>I say it again, there is more than language in culture. If
>you're going to continue suggesting that you can't be a 'proper'
>Celt if you don't speak Gaelic, I'm going to say that you
>can't be a proper Celt if you can't sing Bothy Songs, or
>play a strathspey/reel set.
I've spent years with Native Americans who try to understand
their culture without knowing the language -- and, quite frankly, it
doesn't work. I live with one of these people, my lovely and talented
wife who is learning Jicarilla Apache so that she can better
understand how her elders think.
This is not to say that you can't be an Apache without speaking
Apache; what I'm saying is that, from personal experience, I
know language to be an intergral part of culture. Of course,
knowing the language is no guarantee of belonging to an ethnic
group; food, music, art, lifestyle all play vital roles.
Language is another facet of a well-rounded member of a society.
Or let's put it another way: Eating a haggis does not make me
Scottish, but NEVER eating any Scottish food might keep me from
understanding the fullness of Scottish life (even if I learn
But what good are food and music when you lose the language
they are written in? If you cannot sing the songs or read the
recipe, it is lost, is it not? Language is a glue that holds
the elements of a culture together.
I can guarantee you this: some concepts CANNOT be translated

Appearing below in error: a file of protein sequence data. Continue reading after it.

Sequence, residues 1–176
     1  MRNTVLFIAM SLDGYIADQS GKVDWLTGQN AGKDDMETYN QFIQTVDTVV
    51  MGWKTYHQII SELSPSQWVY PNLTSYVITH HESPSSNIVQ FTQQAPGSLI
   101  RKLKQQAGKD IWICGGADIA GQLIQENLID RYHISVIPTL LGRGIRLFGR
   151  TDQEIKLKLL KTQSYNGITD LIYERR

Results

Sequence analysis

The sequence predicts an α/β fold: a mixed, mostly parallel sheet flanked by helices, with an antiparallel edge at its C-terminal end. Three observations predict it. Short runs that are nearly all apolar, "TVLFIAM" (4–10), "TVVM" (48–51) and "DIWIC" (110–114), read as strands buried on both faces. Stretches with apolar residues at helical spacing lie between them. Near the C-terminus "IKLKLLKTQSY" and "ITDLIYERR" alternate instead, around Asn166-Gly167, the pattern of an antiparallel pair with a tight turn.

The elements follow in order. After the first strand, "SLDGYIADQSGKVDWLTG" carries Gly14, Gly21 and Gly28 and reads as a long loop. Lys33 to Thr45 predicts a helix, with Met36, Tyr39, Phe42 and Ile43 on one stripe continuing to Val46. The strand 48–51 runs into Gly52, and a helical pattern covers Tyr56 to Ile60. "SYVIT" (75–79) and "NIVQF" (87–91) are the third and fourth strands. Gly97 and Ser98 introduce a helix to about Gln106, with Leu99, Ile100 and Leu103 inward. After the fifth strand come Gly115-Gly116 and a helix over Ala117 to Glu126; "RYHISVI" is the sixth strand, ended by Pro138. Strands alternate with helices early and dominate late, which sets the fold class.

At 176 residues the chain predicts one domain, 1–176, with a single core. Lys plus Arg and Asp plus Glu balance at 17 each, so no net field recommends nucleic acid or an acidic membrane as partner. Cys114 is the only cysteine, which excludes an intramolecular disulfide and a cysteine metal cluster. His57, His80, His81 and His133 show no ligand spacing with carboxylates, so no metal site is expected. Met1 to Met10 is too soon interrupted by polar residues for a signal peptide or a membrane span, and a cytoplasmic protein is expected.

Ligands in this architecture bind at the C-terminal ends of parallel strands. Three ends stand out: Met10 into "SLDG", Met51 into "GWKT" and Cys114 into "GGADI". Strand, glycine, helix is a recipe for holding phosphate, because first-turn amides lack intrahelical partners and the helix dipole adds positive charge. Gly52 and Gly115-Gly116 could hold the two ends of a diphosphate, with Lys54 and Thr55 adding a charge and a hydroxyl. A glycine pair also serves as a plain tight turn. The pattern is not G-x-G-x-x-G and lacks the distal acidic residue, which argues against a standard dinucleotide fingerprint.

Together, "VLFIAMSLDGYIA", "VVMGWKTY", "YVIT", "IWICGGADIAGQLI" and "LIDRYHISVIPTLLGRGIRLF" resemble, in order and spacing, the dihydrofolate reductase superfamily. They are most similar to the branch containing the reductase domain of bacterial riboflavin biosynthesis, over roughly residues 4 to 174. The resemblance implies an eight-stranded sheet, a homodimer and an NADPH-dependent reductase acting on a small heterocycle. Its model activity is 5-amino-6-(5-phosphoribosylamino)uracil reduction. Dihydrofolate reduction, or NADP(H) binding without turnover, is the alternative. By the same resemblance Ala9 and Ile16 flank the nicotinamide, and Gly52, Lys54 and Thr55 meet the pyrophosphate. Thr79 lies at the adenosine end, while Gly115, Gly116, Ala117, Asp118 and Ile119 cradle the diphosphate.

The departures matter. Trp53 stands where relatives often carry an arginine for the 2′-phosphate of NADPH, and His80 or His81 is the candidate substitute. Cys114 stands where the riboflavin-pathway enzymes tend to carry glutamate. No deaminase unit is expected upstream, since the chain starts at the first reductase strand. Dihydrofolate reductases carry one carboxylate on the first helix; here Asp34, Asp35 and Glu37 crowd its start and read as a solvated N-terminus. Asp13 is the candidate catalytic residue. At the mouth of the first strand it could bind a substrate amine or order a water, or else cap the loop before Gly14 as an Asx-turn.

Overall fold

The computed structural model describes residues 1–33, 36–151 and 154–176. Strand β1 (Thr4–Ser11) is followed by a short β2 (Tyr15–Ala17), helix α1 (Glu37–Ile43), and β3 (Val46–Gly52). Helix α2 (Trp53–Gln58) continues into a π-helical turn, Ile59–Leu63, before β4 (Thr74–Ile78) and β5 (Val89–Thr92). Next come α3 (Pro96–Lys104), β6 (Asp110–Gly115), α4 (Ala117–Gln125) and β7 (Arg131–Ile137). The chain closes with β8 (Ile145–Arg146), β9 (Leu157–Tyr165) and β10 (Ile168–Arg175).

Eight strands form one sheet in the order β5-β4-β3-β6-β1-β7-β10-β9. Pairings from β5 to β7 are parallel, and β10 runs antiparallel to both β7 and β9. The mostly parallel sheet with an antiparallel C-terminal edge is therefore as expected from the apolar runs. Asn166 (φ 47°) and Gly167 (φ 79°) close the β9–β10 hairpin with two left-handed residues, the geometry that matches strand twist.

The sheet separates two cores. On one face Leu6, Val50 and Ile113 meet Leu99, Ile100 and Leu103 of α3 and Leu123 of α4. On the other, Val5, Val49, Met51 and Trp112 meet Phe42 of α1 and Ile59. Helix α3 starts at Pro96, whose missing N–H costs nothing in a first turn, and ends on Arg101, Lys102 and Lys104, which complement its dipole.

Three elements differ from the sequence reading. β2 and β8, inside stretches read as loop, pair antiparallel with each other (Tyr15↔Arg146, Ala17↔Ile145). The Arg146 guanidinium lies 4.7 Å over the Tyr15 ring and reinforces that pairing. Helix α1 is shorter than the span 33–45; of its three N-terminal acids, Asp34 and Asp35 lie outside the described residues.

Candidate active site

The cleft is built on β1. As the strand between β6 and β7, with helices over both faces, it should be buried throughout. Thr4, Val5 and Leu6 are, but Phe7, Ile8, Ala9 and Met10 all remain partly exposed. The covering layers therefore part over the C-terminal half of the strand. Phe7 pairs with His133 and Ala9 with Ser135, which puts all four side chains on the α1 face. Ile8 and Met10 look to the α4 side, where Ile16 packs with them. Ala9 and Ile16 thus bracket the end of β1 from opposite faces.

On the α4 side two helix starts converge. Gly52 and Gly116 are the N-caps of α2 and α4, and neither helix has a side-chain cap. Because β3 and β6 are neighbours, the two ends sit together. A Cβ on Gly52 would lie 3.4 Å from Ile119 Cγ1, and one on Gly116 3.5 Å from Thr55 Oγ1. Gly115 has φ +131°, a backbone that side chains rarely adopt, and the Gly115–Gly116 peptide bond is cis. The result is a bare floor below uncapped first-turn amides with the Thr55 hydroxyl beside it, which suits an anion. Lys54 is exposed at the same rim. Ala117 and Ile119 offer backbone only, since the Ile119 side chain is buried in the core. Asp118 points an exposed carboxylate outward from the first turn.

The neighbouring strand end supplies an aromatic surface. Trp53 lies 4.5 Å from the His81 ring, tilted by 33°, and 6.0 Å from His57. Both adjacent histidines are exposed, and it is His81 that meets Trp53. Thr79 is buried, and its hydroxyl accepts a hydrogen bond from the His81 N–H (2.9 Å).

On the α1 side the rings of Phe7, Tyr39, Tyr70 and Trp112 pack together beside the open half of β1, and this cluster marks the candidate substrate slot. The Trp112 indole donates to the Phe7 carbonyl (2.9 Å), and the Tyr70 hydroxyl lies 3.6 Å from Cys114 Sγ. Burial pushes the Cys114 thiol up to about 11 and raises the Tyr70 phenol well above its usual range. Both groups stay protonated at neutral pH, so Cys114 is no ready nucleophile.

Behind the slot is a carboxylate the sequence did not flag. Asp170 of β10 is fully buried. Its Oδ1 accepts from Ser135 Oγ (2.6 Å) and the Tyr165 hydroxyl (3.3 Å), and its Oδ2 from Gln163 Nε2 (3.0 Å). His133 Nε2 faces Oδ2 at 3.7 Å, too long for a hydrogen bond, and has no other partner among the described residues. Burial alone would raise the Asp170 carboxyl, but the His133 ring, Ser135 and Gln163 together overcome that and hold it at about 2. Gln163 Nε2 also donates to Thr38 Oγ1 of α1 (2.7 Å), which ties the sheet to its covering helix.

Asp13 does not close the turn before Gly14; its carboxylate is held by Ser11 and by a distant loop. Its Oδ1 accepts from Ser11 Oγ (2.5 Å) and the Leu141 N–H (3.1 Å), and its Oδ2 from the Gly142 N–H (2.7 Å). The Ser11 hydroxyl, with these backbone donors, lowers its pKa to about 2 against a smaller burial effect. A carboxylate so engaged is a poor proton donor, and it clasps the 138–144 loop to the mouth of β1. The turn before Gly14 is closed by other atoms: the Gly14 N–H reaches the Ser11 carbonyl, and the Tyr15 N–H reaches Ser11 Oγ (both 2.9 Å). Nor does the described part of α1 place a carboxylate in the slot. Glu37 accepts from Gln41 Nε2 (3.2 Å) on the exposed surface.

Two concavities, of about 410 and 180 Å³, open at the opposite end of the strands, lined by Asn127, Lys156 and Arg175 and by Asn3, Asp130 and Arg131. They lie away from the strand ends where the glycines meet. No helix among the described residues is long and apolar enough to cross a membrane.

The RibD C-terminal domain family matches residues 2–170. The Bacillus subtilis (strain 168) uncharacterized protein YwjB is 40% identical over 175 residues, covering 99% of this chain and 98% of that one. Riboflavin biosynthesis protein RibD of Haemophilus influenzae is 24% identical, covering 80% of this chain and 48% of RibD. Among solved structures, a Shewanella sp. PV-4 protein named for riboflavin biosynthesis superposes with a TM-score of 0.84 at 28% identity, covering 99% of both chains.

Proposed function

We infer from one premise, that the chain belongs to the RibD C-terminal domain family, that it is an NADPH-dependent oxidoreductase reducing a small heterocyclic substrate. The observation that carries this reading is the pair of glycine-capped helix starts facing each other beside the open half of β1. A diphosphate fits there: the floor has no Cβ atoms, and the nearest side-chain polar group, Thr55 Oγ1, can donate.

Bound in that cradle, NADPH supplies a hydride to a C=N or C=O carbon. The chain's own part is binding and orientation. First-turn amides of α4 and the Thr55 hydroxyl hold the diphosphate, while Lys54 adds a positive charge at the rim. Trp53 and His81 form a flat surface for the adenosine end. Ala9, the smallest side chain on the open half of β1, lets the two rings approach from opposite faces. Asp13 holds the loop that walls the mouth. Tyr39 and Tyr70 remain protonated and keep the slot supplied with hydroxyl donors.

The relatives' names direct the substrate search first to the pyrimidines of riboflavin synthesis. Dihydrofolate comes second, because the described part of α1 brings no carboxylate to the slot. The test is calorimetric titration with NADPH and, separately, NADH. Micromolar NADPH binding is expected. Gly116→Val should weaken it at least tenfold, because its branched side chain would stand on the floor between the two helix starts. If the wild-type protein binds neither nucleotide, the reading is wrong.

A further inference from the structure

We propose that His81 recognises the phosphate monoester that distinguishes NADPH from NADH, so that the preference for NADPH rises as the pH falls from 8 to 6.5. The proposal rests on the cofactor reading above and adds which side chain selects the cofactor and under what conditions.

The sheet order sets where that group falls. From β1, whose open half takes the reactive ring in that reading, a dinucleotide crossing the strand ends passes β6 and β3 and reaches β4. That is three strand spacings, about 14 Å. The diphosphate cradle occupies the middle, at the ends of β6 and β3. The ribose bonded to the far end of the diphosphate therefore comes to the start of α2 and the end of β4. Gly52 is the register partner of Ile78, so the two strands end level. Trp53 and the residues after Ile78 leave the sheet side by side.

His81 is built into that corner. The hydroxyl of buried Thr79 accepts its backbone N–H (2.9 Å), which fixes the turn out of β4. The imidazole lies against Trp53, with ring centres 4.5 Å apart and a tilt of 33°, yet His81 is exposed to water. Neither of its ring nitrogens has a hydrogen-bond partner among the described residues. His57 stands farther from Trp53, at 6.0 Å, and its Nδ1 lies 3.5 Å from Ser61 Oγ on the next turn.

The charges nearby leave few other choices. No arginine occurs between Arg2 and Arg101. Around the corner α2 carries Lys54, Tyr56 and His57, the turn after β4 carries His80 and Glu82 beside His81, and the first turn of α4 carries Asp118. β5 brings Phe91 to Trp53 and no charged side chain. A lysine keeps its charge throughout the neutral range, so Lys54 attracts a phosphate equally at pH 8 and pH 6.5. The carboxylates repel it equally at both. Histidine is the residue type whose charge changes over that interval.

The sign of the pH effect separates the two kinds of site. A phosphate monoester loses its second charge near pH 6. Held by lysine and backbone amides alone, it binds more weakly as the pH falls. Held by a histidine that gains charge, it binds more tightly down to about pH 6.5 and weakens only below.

between languages and cultures, at least not without considerable
>I also repeat that there are more languages than Gaelic
>that make up the Celtic experience. English *as it is
>spoken/written in Scotland/Ireland* is one of them,
>Scots is another, Travellers' Shelta/Cant is another.
Actually, in terms of SCotland, there is more than one "Scottish"
culture. The Islands are different from the Highlands, and both
have substantial variances with the Lowlands. That's why I've put
an effort into learning Lallans, as well as Gaidhlig. Lallans is
a fascinating combination of odds and ends from a variety of tongues,
which says something about Scotland's history and her people.
I also find that Gaidhlig tells me a great deal about the thinking
of people to whom it is a Native tongue.
When you lose a language, you lose an irreplaceable and intimate
part of the culture; the songs can no longer be sung, and the poems
no longer read. The very philosophy that engenders a culture will
vanish along with its language, leaving a superficial veneer fit
for television shows and cute picture books from Time-Life.
To discount the importance of language in culture is simply